I have added some pictures to help with the discussion. Take your time with them, if you are not used to looking at medical drawings or photos it takes a little while to get your bearings.The first picture is a drawing of a normal uterus, no septum, not bicornuate. You can see the top of the uterus is slightly rounded, not indented. The inside is shaped like a triangle. The space inside the uterus is called the uterine cavity. The pink tissue surrounding the cavity is the myometrium, which is the muscle. This picture also shows the tubes and ovaries off to each side.
The next picture is a drawing of a bicornuate uterus. It has a portion to the left and a portion to the right. The uterine cavity is not triangular, it is Y shaped. The top middle of the uterus is indented in.
The next picture is a drawing of a septate uterus. (The pictures on this post come from different sources so the drawing style may be a little different). Here, the uterine cavity is Y shaped, just like the bicornuate. The top of the uterus is not indented, it is slightly rounded. Basically, the uterus looks normal on the outside, but has a septum on the inside.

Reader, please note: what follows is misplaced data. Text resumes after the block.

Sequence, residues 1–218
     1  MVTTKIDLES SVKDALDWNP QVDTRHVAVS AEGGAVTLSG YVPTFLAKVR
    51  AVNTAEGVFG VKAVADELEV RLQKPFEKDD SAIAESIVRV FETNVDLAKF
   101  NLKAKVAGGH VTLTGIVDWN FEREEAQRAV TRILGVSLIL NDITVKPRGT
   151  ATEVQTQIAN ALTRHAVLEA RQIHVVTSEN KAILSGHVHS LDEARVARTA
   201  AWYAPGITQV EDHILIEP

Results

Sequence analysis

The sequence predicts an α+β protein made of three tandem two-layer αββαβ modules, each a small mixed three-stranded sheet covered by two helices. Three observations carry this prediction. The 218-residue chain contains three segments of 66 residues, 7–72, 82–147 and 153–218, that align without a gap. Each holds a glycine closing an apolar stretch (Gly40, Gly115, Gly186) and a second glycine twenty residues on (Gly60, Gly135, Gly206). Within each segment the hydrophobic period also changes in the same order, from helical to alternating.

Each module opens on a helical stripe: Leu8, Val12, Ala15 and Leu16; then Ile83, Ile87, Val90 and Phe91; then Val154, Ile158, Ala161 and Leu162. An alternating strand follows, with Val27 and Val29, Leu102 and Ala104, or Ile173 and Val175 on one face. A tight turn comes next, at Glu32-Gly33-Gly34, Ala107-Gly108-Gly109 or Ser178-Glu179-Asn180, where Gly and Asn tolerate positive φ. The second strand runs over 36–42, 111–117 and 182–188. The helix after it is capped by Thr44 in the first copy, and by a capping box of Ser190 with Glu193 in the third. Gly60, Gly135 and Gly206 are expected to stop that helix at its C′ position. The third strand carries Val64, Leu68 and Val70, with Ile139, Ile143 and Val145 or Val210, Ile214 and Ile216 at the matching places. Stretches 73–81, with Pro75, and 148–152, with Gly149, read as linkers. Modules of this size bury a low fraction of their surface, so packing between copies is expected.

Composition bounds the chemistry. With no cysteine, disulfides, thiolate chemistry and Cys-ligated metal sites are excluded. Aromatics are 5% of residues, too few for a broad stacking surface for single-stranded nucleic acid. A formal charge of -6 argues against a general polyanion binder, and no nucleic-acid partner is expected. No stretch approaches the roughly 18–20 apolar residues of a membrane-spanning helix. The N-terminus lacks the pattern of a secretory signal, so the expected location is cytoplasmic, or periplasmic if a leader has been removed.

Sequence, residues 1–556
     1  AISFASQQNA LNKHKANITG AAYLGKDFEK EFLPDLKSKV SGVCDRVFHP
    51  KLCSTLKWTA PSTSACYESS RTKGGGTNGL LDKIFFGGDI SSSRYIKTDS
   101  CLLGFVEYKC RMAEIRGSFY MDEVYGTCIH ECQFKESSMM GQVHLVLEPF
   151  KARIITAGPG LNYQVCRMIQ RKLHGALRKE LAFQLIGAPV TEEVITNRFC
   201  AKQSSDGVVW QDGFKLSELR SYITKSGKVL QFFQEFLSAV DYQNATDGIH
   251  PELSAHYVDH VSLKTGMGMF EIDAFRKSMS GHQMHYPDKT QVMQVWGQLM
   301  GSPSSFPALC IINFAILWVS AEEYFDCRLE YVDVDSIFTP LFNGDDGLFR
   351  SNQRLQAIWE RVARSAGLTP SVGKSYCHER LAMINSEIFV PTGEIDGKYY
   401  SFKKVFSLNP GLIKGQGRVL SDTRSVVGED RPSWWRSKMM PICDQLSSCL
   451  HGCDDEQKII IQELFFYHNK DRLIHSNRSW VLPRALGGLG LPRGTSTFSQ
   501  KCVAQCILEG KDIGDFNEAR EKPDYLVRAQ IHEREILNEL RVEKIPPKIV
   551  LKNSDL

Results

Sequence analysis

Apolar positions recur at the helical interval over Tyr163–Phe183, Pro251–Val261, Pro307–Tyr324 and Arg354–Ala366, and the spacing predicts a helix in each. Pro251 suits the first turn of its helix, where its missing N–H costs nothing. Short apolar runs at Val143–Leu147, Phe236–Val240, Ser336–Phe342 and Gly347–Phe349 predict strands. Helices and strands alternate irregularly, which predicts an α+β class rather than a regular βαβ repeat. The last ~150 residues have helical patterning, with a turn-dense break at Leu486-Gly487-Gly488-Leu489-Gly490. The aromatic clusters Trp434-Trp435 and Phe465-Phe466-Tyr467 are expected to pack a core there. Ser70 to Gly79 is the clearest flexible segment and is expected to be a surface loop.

So both have a Y shaped uterine cavity. A hysterogram only shows the uterine cavity. The x-ray dye goes into the cavity and then out the tubes. So a bicornuate uterus and a uterus with a septum can look the same on hysterogram. Other tests are necessary to tell the difference. If your only test has been a hysterogram and you were told you have a bicornuate uterus, you need more tests.
Even more tests may get you the wrong answer. Radiologists are notorious for calling a septate uterus a bicornuate uterus. I don’t know why. Maybe they don’t understand the difference, or they know there is a difference but are not aware that the treatment options (next blog) are different. Even if a special test is ordered, such as an MRI or a 3-d sonohysterogram, the incorrect terminology gets used.